PRIVATE schools are facing calls to be stripped of their charitable status despite recent moves to improve access to pupils from poorer backgrounds.
Teachers from the Educational Institute of Scotland (EIS) union will discuss the issue at their annual general meeting in Perth, which begins today.
A motion from the union's Dumfries & Galloway local association calls for the EIS executive to campaign for a change in the law "to remove charitable status from independent schools".
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The call comes eight years after private schools were confronted with the prospect of losing their long-held status as charities, which is worth millions of pounds in tax breaks.
At the time, Jane Ryder, chief executive of the Office of the Scottish Charities Regulator (OSCR), warned the independent sector would be judged on how effectively it opened its doors to those who would not normally be able to afford a private school.
Subsequently, institutions such as Hutchesons' Grammar in Glasgow, Merchiston Castle in Edinburgh, St Leonards in St Andrews and Lomond School in Helensburgh were warned they needed to do more to pass the new "public benefit test".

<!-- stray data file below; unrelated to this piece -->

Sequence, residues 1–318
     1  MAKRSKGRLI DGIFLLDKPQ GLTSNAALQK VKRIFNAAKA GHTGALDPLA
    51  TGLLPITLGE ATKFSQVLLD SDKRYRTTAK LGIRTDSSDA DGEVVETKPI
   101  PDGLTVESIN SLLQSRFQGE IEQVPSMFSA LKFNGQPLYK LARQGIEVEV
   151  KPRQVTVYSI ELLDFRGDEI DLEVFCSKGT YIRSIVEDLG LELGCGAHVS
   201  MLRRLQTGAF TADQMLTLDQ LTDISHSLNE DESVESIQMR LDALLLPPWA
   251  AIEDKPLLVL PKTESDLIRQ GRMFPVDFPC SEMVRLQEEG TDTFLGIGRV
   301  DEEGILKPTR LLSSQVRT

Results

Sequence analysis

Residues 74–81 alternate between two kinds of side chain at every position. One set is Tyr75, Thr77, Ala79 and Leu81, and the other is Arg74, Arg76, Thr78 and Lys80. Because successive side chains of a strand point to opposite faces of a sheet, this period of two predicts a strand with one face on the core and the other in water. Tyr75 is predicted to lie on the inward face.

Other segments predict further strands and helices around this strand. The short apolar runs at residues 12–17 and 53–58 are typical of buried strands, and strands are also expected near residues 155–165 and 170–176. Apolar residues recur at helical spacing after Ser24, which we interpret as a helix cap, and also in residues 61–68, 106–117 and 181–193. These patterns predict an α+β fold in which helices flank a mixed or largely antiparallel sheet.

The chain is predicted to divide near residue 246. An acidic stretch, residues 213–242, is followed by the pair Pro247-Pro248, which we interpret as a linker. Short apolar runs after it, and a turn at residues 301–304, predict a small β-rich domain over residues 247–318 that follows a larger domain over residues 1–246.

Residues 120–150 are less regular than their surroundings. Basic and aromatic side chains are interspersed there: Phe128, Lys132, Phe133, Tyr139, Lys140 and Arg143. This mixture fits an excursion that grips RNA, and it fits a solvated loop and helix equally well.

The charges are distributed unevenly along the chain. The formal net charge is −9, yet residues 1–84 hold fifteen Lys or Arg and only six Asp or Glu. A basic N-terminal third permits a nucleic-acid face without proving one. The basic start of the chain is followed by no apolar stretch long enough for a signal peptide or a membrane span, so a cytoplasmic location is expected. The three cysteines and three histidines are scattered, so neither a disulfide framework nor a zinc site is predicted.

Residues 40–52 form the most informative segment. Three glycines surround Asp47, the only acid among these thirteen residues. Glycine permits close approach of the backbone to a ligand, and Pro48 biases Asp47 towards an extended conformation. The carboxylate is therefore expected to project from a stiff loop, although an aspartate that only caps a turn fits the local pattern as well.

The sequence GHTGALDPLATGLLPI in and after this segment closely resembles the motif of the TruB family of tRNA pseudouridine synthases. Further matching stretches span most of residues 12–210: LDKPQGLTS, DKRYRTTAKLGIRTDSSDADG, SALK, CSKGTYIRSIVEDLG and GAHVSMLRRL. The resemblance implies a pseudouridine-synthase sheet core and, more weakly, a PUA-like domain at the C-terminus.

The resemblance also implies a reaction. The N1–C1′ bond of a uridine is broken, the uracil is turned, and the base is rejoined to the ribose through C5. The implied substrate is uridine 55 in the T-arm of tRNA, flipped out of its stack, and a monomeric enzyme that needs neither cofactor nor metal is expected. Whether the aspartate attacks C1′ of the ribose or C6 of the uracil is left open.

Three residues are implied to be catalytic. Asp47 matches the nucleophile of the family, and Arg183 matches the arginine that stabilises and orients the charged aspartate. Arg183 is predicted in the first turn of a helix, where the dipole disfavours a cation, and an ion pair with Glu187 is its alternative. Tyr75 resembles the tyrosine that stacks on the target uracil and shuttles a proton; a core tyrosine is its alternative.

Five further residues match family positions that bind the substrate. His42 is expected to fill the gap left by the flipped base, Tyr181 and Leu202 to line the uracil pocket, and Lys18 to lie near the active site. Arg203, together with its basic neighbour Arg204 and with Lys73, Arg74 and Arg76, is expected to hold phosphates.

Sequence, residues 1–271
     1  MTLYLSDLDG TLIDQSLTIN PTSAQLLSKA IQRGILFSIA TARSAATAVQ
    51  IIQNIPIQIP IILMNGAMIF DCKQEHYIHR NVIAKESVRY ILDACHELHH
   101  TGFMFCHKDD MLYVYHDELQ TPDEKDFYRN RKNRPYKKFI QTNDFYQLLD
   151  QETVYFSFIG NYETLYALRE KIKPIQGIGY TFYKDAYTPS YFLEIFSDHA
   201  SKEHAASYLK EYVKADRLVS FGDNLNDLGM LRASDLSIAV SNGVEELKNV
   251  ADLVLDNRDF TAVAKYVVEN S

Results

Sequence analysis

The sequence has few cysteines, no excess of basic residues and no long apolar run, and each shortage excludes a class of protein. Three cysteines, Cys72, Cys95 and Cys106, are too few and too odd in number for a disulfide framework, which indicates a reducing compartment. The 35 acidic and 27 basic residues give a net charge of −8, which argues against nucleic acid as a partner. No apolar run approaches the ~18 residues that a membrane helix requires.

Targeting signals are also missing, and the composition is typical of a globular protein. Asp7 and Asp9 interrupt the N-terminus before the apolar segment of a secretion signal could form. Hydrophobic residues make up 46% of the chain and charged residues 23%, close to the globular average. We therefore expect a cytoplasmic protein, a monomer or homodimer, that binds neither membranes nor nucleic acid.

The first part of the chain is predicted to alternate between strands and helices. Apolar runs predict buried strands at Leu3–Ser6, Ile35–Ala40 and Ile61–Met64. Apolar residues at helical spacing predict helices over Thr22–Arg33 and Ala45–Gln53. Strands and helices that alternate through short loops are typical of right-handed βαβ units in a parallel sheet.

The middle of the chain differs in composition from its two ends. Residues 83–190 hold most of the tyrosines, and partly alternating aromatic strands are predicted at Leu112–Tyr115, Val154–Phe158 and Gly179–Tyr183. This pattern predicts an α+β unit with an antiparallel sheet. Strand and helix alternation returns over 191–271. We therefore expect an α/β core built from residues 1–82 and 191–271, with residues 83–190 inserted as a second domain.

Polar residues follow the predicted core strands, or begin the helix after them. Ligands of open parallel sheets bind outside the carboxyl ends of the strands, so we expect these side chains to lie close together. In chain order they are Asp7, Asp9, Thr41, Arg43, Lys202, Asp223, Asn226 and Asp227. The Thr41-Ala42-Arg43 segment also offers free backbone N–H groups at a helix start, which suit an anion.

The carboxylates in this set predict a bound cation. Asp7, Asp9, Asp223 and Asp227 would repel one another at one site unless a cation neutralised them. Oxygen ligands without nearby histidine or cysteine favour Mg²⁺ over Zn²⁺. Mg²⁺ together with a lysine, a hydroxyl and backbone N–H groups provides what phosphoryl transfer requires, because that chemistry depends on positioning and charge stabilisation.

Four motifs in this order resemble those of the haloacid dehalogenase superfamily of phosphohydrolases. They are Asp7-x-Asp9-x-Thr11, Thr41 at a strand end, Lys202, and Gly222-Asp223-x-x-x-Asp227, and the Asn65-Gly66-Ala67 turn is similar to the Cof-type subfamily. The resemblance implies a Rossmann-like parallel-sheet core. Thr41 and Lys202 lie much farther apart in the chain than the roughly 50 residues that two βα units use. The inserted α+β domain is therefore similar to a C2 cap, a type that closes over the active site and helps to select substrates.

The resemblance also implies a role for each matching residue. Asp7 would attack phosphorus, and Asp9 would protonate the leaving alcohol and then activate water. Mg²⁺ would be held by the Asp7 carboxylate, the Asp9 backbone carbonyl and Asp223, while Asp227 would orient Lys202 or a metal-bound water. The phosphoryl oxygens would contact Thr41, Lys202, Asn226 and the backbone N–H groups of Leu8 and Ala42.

However, in April, private schools launched a bullish defence of their contribution to Scottish society and the wider economy.
A report by the Scottish Council Of Independent Schools (SCIS) said the value of the sector to the wider economy was £446 million a year and more than 11,200 jobs.
An accompanying commentary by John Edward, director of the SCIS, attacked the "old assumptions" about the socio-economic background of private pupils in the wake of tough new charities legislation.
An EIS spokesman said: "The issue of charitable status for selected education establishments is a long-running issue of concern for many teachers and lecturers. There is sure to be a lively debate and discussion on the equality implications of the current funding regulations."
However, Mr Edward highlighted figures from OSCR that show more than 400 poorer pupils in Scotland receive a 100% remission on their school fees, in addition to an expansion in means-tested bursaries.
He said: "No group in Scotland is better able to demonstrate their compliance with the requirements to meet charitable purposes.
"Independent schools are charities because they fulfil purposes for the public benefit ... means-tested financial assistance now far outstrips any taxation rates that follow from charitable status."
Teachers at the EIS conference will debate a range of motions, including a number including threats by school staff to go on strike over the roll-out of Scotland's new curriculum.
The move follows a number of national surveys by the EIS highlighting workload as the key issue of concern for teachers during the implementation of new National exams - which replaced Standard Grade this summer as part of the Curriculum for Excellence.
A motion from the union's Renfrewshire local association calls on the Scottish Government, the Scottish Qualifications Authority and curriculum body Education Scotland to ensure better resources are provided for all National courses. It adds: "Failure to deliver this by August 2014 should be followed by an immediate ballot for industrial action." There are also threats to strike over changes to pensions.